It is only within the last 100 years that your family's surname was fixed to what you now use. It is important to remember this, when searching for your ancestors in the archives and databases. This does not pertain only to Gaelic names nor even anything that was unusual. If the family didn't have a set way of spelling their surname, then it was up to the clerks to jot down whatever they thought appropriate.

Surname Dictionaries for Family History

Identifying the origin of your last name could help trace from where your family came.

Tip: Finding your Family Through Phonetics

If you suspect your family might have struggled with spelling their surname, then help is at hand.

  • In database searches, uncheck the box that says 'exact' spelling. This will widen the search to an unwieldy level, but you might find your illiterate ancestor suddenly reappears.
  • If there is no 'exact' box, then look for 'soundex' and tick that one instead. It will do the same thing.
  • Recreate the circumstances in which those names were recorded. Say your surname aloud several times and jot down all of the ways it could be heard.
  • Look at where your ancestor was born. Now try saying your surname in their accent; or ask someone from that area to say it for you. Make a note of what you actually hear.

How Some Surnames Were Awarded on the Spot

Tired clerks encountering strange naming conventions often just gave up on writing what they heard. They possibly named your family.

Photo: Welsh FlagBack in 1851, a few streets away, the clerk has just met a branch of my Welsh family. Here it is not just a matter of understanding what the foreigners are saying, but rearranging a whole naming convention. Hereditary surnames came late to Wales and they were still getting used to the whole idea.

Until the English imported the concept, in order to maintain their own records, individuals tended to be identified by their given name and something particular to them, like the relationship with one of their parents.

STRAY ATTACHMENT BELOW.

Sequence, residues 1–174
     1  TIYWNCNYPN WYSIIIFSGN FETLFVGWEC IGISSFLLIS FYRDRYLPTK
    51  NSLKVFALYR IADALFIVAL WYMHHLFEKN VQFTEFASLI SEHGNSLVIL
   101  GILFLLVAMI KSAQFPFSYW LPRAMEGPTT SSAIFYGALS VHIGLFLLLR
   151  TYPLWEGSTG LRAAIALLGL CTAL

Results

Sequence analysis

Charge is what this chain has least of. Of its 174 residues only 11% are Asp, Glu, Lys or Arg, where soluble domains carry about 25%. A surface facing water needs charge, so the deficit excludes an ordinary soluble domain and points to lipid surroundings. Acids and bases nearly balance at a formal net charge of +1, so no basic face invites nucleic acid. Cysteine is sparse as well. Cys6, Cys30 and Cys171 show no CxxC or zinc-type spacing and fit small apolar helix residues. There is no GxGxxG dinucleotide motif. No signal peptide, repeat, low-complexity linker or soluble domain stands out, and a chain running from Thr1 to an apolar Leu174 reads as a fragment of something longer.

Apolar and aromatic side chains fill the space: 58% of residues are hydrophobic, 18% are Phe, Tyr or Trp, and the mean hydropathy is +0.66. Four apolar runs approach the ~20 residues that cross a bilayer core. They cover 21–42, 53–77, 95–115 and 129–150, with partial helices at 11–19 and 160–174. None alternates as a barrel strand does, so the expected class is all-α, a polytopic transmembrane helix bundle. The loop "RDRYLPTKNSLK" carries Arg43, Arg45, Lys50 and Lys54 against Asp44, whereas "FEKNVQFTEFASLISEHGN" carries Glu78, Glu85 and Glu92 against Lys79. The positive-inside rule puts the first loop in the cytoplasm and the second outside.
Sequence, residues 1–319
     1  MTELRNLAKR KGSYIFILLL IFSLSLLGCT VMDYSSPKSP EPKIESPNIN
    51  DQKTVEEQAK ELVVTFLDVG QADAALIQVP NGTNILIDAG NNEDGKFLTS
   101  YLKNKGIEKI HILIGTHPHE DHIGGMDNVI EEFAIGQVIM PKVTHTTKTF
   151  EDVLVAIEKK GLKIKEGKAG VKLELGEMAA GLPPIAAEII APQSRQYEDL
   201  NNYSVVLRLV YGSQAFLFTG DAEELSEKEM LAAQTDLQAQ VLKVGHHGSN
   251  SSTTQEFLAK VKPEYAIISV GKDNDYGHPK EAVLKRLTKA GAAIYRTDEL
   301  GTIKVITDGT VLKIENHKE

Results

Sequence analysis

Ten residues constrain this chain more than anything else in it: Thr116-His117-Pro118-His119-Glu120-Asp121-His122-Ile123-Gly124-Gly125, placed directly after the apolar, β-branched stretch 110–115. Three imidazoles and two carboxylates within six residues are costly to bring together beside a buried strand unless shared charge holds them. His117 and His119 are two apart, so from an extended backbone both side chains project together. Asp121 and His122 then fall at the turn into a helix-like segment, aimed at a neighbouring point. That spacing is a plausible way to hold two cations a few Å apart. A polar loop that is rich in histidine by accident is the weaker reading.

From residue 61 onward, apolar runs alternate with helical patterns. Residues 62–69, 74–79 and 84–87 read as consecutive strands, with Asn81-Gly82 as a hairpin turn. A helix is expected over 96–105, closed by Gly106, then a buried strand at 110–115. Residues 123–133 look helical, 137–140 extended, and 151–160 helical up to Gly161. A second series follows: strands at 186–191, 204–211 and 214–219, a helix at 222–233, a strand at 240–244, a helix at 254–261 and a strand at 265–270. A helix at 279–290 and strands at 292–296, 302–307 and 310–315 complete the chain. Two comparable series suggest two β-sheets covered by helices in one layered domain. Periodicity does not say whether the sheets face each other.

"Your name please?"

"Sion ap Rhys." In his lilting Welsh accent, the words rolled together like a song.

The clerk stared. That didn't even sound like a proper name. "In English please."

Since the days of the Tudor kings, successive laws had tried to stamp out the Welsh language. Even monoglot Welsh speakers would have been told their English name by exasperated landlords and vicars. "John."  This was the Anglicized form of Sion.

"Your surname please."

This was tricky. He was Welsh. He didn't technically have one. But back home, there had been a lot of people called Sion. It was the most common male name in the country. He was distinguished from every other Sion in the village by adding his father's name - 'ap Rhys' meant 'son of Rhys.' Unfortunately no-one had ever told him what that was in English.

"Erm, son of Rhys?"

The clerk was tired. Elsewhere he had got around this issue by simply adding a nice English patronymic. All of the 'ap Sion' men had become 'Jones'. With the Welsh emphasis on the first syllable, it had worked better than 'Johnson' or 'Jonson'. But he didn't have a clue either about this Rhys word. It all sounded way too distastefully Welsh.

"Say it in your tongue again."

"Ap Rhys."

There was an English word somewhere in the phonetics. The clerk duly entered 'Sion ap Rhys' as 'John Price'. Elsewhere, his colleagues were busily turning 'ap Ragnel' into 'Prangnell', 'Pragnell' 'Pringle' and 'Pangnall'. They were doing the same to a lot of other names.

Of course, they also had to enter the place of birth. Tiggunnernon was what the clerk in 1871 heard my great-great grandmother say.